Forum for Science, Industry and Business

Sponsored by:     3M 
Search our Site:

 

Modelling earthquake risk of gas fields

03.12.2003


Using qualitative modelling, the risk of earthquakes due to gas extraction can be determined more clearly. “This is done by using three dimensional modelling software to calculate and simulate the forces and movements around geological faults deep under the ground,” says Frans Mulders who, on 3 December, will defend his PhD thesis at TU Delft. “Currently, the KNMI determines the probability of earthquakes primarily through statistical data,” says Mulders. “It is important to complement that data with knowledge of the geological structure underground.” Mulder conducted his research in cooperation with TNO-NITG, NAM, Shell, KNMI and State Supervision of Mines.

In recent months, three light earthquakes hit the province of Groningen. Geologists agree that the quakes are related to gas extraction. It is possible to use historical statistical data of these kind events to make a prediction for the future. “That is what the KNMI (national research and information centre for climate, climatic change and seismology) is currently doing,” says Mulders. “Valuable data, but combining this with knowledge of underground the geological structure is worth recommendation. This is currently being worked on at TNO-NITG in cooperation with KNMI.”

Mulders used three dimensional (3D) simulations to research activity deep under the ground. He has integrated so-called Mobilised Shear Capacity (MSC) parameters into his models. This parameter provides a numerical value for the instability of certain layers and the faults they contain. Mulders: “Such a parameter, linked to other data, forms a basis for the calculation of the probability of earthquakes near gas fields.” According to Mulder, earthquakes will continue to happen every now and then in Groningen. “As long as gas is extracted, there will be movement in the ground.”



The numerical models that Mulders has developed are representative for the underground of the Northern Netherlands, but due to their generic character they are also representative for other oil and gas fields in similar conditions. “Here the weakness of the models also shows,” says Mulders, “While you can simulate many situations with the 3D models, you need a lot of data on the geological structure of the area to produce good estimations. This data is often lacking.” The combination of statistics, 3D modelling and geological information needs further research.

Maarten van der Sanden | alfa
Further information:
http://www.tudelft.nl

More articles from Earth Sciences:

nachricht Geophysicists and atmospheric scientists partner to track typhoons' seismic footprints
16.02.2018 | Princeton University

nachricht NASA finds strongest storms in weakening Tropical Cyclone Sanba
15.02.2018 | NASA/Goddard Space Flight Center

All articles from Earth Sciences >>>

The most recent press releases about innovation >>>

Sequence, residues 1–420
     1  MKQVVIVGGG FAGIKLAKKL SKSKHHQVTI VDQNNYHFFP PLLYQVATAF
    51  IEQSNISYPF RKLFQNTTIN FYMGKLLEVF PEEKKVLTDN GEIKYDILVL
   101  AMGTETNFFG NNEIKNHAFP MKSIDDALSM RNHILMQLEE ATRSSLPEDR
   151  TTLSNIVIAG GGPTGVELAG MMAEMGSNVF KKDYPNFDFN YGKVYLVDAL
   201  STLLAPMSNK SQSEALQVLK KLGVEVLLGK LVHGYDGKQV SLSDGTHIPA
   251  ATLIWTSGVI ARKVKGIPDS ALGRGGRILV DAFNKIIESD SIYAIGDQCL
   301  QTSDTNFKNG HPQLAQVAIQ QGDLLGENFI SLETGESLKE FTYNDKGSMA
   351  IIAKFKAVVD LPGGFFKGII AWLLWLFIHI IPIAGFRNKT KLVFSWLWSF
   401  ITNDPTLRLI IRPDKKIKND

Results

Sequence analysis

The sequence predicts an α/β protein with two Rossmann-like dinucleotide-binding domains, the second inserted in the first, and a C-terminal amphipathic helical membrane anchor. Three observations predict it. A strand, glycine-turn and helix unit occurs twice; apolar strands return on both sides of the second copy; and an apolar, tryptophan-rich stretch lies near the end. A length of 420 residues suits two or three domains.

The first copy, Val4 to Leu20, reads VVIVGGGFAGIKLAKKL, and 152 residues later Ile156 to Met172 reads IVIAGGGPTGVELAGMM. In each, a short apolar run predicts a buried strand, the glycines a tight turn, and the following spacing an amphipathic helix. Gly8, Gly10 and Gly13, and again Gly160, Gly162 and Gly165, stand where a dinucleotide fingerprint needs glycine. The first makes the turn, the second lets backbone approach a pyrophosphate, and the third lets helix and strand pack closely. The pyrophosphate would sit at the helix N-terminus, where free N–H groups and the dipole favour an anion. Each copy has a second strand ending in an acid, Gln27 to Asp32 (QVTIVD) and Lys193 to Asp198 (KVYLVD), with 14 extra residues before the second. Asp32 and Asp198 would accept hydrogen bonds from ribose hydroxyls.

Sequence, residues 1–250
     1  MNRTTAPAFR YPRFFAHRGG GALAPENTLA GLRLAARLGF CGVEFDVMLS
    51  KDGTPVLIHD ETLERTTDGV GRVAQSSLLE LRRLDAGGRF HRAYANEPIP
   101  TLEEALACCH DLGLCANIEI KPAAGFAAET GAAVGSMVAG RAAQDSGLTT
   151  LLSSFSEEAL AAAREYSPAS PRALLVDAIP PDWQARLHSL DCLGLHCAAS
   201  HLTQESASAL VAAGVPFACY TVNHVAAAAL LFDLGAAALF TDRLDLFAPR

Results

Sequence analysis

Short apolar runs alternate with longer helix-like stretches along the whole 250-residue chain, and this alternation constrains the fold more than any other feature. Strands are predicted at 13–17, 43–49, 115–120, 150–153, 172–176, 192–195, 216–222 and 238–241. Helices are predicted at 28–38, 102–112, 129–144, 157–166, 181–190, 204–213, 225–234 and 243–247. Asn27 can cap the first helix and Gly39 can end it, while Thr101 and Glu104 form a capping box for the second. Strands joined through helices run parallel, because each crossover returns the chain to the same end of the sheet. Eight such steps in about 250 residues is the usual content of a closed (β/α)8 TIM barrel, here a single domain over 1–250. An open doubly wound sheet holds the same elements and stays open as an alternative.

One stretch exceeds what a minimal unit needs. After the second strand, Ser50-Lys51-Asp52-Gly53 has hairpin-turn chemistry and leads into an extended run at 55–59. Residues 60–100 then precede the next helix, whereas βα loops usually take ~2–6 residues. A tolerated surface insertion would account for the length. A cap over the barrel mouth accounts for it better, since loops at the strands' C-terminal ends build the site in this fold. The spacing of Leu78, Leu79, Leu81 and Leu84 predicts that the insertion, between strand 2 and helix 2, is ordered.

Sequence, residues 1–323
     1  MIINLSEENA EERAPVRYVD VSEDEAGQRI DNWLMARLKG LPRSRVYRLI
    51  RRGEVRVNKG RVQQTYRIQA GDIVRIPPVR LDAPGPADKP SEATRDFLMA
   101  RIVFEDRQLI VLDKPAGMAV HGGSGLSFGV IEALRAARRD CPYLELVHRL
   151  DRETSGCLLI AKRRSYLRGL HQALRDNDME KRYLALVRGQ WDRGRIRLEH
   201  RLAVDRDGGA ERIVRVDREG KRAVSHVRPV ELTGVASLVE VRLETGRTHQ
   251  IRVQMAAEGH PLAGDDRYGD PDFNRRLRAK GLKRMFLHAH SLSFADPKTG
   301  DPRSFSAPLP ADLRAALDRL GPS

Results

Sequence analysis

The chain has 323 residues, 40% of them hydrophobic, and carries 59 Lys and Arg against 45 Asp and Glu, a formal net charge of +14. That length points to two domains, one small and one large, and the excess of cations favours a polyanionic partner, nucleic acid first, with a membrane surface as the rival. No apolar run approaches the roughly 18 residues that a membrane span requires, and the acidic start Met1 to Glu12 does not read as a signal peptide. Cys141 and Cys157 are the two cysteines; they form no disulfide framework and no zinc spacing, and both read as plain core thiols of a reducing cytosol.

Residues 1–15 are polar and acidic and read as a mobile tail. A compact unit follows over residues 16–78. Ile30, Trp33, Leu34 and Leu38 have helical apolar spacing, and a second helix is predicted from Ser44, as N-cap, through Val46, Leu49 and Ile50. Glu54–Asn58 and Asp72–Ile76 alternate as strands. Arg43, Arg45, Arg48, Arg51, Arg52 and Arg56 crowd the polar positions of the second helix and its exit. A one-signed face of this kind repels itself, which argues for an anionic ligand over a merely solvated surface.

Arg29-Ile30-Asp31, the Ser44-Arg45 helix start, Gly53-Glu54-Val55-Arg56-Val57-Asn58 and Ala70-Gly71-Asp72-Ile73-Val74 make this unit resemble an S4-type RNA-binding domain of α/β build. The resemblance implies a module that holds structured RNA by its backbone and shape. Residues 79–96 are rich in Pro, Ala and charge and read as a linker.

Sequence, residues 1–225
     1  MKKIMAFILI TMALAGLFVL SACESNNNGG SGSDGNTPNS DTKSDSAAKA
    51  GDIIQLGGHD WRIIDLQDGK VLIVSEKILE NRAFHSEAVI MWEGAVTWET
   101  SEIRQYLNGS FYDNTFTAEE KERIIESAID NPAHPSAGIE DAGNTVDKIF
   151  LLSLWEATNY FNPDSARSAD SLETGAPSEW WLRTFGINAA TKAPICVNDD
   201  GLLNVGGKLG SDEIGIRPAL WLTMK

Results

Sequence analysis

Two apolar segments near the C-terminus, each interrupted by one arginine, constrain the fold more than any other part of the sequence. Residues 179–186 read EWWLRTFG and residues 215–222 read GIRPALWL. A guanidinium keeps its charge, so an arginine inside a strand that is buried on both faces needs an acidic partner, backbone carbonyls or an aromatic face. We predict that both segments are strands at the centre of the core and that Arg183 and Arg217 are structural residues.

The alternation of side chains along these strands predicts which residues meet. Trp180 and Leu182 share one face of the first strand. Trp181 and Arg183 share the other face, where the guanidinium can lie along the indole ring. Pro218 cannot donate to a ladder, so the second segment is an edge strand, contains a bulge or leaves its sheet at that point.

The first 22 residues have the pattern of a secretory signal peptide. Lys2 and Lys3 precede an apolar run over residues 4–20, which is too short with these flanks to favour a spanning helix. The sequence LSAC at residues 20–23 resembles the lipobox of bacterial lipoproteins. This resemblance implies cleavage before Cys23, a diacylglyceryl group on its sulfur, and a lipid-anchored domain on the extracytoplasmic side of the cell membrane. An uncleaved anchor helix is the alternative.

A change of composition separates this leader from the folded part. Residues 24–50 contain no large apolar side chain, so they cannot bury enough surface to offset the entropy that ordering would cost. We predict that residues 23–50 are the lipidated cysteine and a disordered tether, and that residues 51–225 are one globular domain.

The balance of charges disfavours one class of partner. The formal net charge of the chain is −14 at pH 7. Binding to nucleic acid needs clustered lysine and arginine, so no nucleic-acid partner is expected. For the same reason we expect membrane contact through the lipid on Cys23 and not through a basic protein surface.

Die letzten 5 Focus-News des innovations-reports im Überblick:

Im Focus: In best circles: First integrated circuit from self-assembled polymer

For the first time, a team of researchers at the Max-Planck Institute (MPI) for Polymer Research in Mainz, Germany, has succeeded in making an integrated circuit (IC) from just a monolayer of a semiconducting polymer via a bottom-up, self-assembly approach.

In the self-assembly process, the semiconducting polymer arranges itself into an ordered monolayer in a transistor. The transistors are binary switches used...

Im Focus: Demonstration of a single molecule piezoelectric effect

Breakthrough provides a new concept of the design of molecular motors, sensors and electricity generators at nanoscale

Researchers from the Institute of Organic Chemistry and Biochemistry of the CAS (IOCB Prague), Institute of Physics of the CAS (IP CAS) and Palacký University...

Im Focus: Hybrid optics bring color imaging using ultrathin metalenses into focus

For photographers and scientists, lenses are lifesavers. They reflect and refract light, making possible the imaging systems that drive discovery through the microscope and preserve history through cameras.

But today's glass-based lenses are bulky and resist miniaturization. Next-generation technologies, such as ultrathin cameras or tiny microscopes, require...

Im Focus: Stem cell divisions in the adult brain seen for the first time

Scientists from the University of Zurich have succeeded for the first time in tracking individual stem cells and their neuronal progeny over months within the intact adult brain. This study sheds light on how new neurons are produced throughout life.

The generation of new nerve cells was once thought to taper off at the end of embryonic development. However, recent research has shown that the adult brain...

Im Focus: Interference as a new method for cooling quantum devices

Theoretical physicists propose to use negative interference to control heat flow in quantum devices. Study published in Physical Review Letters

Quantum computer parts are sensitive and need to be cooled to very low temperatures. Their tiny size makes them particularly susceptible to a temperature...

All Focus news of the innovation-report >>>

Anzeige

Anzeige

VideoLinks
Industry & Economy
Event News

2nd International Conference on High Temperature Shape Memory Alloys (HTSMAs)

15.02.2018 | Event News

Aachen DC Grid Summit 2018

13.02.2018 | Event News

How Global Climate Policy Can Learn from the Energy Transition

12.02.2018 | Event News

 
Latest News

'Lipid asymmetry' plays key role in activating immune cells

20.02.2018 | Life Sciences

MRI technique differentiates benign breast lesions from malignancies

20.02.2018 | Medical Engineering

Major discovery in controlling quantum states of single atoms

20.02.2018 | Physics and Astronomy

VideoLinks
Science & Research
Overview of more VideoLinks >>>